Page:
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Issue #1534      8 February 2012

Disrespect sparks anger

The current media attention of who said what to incite a riot near the Aboriginal Tent Embassy removes focus of the true issue at hand: the fact that neither Julia Gillard nor Tony Abbott came down to the Embassy to commemorate the historical event of its 40th anniversary. Having been down in Canberra myself, it saddened me to see Elders talking to a blue suede shoe instead of to our Prime Minister.

Both the Prime Minister and the Opposition leader were invited to attend, they were in proximity, yet did not attend. To me, the obvious absence of both Julia Gillard and Tony Abbott at the Embassy on January 26 represents the lack of importance given to the role Indigenous Elders share as Australian leaders. As an Australian citizen, I felt their absence was immensely disrespectful and is the true shame.

I can personally attest that the 40th anniversary celebrations were on the whole very peaceful. Not once did I feel threatened or scared for my own personal safety. Everyone was welcoming and respectful. People may not have agreed on every issue but a safe space was created to discuss, learn and share. As a middle class, educated, white Australian young woman, I found this experience invaluable. Sitting around a campfire or sharing a cup of tea, I learnt more about Australian Aboriginal people and culture that I could have ever learnt from history books. I listened to stories from Elders and supporters from all around Australia. This is what Gillard and Abbott missed out on.

Why did our Australian political leaders not attend this event? I invite our leaders to provide an explanation. The Prime Minister was angered that the events disrupted such a wonderful event for great people referring to the emergency services medal ceremony. With all due respect to the award recipients and their heroic contributions to the state, I wish to highlight that there was another ceremony occurring just next door commemorating equally courageous people whose work also ought to be recognised: the original founders of the Aboriginal Tent Embassy.

Abbott’s comments that a lot has changed since then [1972], and “I think it probably is time to move on from that” were received like a slap to the face. I think the Indigenous people of Australia can be very proud of the respect in which they are held by every Australian, stated Abbott.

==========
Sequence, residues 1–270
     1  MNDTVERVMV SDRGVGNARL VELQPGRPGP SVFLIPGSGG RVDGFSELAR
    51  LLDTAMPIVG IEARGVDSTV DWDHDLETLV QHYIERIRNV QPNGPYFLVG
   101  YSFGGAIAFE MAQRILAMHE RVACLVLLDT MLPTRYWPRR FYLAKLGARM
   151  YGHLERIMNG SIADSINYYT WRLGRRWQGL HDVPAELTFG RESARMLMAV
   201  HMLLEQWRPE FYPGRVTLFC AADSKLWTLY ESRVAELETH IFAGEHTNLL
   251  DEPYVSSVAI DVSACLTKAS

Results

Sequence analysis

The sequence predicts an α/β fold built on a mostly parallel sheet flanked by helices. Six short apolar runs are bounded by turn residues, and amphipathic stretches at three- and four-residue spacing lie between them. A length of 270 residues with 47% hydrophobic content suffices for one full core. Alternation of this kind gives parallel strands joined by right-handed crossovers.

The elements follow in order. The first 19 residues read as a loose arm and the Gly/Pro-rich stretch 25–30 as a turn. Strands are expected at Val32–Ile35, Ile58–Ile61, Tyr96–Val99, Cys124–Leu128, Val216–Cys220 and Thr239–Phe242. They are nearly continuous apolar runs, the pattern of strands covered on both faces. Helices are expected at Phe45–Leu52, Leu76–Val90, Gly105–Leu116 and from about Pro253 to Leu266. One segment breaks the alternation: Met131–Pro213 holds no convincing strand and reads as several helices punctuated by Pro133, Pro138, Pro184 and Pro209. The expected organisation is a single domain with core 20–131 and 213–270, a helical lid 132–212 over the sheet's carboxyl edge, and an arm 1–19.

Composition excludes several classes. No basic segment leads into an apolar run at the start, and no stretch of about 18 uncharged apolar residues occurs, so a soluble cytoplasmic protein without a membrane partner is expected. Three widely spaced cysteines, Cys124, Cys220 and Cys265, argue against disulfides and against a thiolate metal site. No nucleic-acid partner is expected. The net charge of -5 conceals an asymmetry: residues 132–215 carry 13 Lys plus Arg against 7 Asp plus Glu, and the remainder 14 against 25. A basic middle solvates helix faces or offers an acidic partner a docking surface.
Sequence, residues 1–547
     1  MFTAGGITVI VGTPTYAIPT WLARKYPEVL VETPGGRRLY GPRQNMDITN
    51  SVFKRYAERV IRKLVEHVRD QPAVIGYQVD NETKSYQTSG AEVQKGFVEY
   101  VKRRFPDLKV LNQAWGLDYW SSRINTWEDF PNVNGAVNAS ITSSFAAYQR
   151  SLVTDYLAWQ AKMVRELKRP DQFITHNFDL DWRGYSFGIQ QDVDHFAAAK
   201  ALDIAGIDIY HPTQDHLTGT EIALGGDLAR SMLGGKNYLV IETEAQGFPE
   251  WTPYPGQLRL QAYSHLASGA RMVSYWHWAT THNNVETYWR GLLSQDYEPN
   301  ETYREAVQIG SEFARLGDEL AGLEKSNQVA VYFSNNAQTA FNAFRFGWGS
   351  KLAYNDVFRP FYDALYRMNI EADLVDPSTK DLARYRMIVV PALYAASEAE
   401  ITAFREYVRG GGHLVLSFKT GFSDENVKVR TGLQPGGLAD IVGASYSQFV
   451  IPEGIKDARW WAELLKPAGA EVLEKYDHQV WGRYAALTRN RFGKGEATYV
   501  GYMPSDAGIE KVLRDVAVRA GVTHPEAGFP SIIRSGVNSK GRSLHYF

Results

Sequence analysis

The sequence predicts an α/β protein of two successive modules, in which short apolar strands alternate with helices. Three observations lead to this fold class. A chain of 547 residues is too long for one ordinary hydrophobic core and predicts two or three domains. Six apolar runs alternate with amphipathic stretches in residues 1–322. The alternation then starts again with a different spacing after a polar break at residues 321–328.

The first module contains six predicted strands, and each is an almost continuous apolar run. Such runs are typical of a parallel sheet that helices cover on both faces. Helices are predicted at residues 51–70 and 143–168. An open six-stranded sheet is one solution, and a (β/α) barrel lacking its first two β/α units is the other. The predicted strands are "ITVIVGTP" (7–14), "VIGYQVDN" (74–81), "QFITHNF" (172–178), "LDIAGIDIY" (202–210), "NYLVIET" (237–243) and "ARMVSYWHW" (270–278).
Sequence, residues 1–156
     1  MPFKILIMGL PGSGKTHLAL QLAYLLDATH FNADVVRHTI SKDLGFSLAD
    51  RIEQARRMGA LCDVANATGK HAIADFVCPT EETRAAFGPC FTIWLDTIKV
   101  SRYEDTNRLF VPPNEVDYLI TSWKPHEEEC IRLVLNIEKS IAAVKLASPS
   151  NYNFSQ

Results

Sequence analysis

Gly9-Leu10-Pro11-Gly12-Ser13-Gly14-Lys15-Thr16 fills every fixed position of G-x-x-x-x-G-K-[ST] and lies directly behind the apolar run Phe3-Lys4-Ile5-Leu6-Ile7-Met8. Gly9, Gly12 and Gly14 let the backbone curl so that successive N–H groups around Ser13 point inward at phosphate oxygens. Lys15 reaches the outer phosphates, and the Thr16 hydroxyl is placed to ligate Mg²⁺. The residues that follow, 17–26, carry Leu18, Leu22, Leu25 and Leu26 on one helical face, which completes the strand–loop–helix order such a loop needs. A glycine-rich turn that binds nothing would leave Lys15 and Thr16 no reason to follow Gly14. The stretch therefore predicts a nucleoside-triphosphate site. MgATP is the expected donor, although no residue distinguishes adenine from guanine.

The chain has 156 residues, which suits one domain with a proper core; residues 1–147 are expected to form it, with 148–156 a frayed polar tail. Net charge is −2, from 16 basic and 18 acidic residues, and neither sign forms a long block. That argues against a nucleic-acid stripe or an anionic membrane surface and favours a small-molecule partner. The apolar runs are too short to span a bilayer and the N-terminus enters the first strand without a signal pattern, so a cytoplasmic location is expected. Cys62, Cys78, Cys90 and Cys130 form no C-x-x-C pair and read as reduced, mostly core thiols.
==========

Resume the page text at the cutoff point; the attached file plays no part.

By simply looking at the original demands of the four embassy founders, we can see that very little advancement has been made in terms of sovereignty and control of Aboriginal land and people. Mining continues on sacred sites. Black deaths in custody are still occurring 20 years on from the Royal Commission.

Pick up any Australian medical journal and you will see that health inequality continues. A second intervention in the Northern Territory is about to be launched that would take financial support away from families whose children are not attending school, instead of looking at the real causes, the material obstructions remote families may face from accessing education or even the disconnect in the education system and the traditional way of life.

The government chooses to remove basic human rights, instead of empowering and supporting its First People. How can we expect Aboriginal Australia to advance forward if constant obstacles are created out of ignorance and are constantly placed in front of progress?

So long as there is a lack of respect from mainstream Australia towards the original owners, so long as discrimination and institutionalised racism continues, so long as the general public is largely unaware of the true daily reality of hardship that many Indigenous Australians continue to face, so long as grief and loss of Aboriginal rights, land, culture and people is still in living memory, I feel that the Tent Embassy has every right to remain on the lawns in front of Old Parliament House, and that as an institution, remains every bit relevant in contemporary Australia.  

Next article – What does Libya tell us about intervention in Syria and Iran?

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